This user story may contain triggers for some readers, so please take care and be mindful of yourself throughout. Even so, like so many of you who have been through or are currently going through your own health journey, this particular story is still so important to share.
Debbie was like any of us. She had a family, friends and just so happened to need surgery to correct some issues with her arms.
After the surgery though, she began experiencing unimaginable burning pain in her right arm, which had been much worse than the left arm had been. After going back and forth for two months to her surgeon, they decided that the most likely reason for this pain may have been due to a nerve that had become trapped during surgery, and so she was sent to a neurosurgeon to figure out what step could be taken.
Surgery was recommended, but as Debbie remembers it, she was given just three possible outcomes from her neurosurgeon:
“1) They find the trapped nerve, release it and I'm pain free, 2) find nothing and I'm back to where I am, or 3) opening up my arm could make it worse.”
But without many other options for her and with a desperate need to stop the pain that continued unabated, Debbie decided to go ahead with another surgery to see whether they could do anything to stop the pain.
Unfortunately, the surgery that would see Debbie have a ganglion block placed in her neck, did not help with the pain at all. So, her next step saw her buy an expensive machine machine that cost her $2,000 USD.
“It had leads on it which I attached to my head which sent impulses to the brain to say ‘it's not in pain’.”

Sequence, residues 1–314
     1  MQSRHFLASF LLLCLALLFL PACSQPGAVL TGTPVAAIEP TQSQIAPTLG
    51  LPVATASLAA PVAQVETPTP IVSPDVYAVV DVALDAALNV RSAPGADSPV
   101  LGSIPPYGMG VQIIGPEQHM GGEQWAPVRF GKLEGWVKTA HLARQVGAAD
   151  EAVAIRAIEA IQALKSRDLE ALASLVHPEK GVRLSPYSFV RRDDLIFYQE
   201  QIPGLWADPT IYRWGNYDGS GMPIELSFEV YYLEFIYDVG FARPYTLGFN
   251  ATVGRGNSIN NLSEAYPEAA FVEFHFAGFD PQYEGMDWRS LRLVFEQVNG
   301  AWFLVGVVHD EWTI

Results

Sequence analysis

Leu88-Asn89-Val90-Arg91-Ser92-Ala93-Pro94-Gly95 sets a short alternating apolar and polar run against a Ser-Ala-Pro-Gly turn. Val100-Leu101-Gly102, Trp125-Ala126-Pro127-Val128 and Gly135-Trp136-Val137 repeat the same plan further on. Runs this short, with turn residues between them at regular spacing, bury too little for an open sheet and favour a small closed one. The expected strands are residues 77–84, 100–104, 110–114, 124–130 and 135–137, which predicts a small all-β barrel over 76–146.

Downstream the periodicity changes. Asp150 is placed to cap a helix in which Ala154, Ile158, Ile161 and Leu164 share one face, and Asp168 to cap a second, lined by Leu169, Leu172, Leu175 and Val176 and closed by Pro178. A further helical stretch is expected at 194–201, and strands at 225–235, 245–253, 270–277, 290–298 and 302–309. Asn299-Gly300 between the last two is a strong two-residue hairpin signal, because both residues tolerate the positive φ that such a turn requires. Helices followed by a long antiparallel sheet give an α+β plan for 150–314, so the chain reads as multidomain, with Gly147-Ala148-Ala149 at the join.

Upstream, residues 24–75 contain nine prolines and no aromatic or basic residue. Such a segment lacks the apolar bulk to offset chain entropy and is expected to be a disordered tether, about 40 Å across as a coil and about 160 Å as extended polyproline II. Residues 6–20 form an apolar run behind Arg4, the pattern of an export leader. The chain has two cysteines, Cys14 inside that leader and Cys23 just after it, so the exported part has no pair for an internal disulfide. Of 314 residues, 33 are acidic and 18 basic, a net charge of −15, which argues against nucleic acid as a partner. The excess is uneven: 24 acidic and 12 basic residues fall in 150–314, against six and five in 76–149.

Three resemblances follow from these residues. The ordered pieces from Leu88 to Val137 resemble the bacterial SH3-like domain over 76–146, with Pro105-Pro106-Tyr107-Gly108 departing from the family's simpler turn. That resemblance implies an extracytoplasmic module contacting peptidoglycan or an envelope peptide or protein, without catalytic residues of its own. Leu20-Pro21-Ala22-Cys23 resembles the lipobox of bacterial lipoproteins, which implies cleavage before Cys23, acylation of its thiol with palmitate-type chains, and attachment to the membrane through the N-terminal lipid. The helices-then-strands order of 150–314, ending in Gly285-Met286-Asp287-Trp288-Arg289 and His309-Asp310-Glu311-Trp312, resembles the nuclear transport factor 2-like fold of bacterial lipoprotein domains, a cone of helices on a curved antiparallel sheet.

But even after this costly investment, there was no perceivable influence on the pain she experienced constantly.
Debbie began feeling helpless with her situation. Having to constantly battle through the persistent pain had deteriorated her mental health. So she was prescribed painkillers as well as antidepressants to help with the depression she had developed as a consequence of her worsening health.
Just twelve months later, Debbie was back in surgery, but this time for a hysterectomy. Just over a year and a half after that, she was back in hospital for a prolapsed bowel. Unbelievably, Debbie was again in hospital a year later to have a sling put in for bladder support. The years, full to the brim with surgery after surgery, painkillers and depression topped off with a persistent lingering pain, all came to a head when Debbie was diagnosed with fibromyalgia.
Fibromyalgia is a condition that causes pain all over the body with symptoms ranging through:
- increased sensitivity to pain
- fatigue (extreme tiredness)
- muscle stiffness
- difficulty sleeping
- problems with mental processes (known as "fibro-fog") – such as problems with memory and concentration
- irritable bowel syndrome (IBS) – a digestive condition that causes stomach pain and bloating
It is a condition that as of yet does not have any known causes, but in many cases the condition appears to be triggered by emotional or physical stress. With all these surgeries and emotional stress that Debbie had gone through, it was no wonder she was given this most recent diagnosis in a string of so many before it.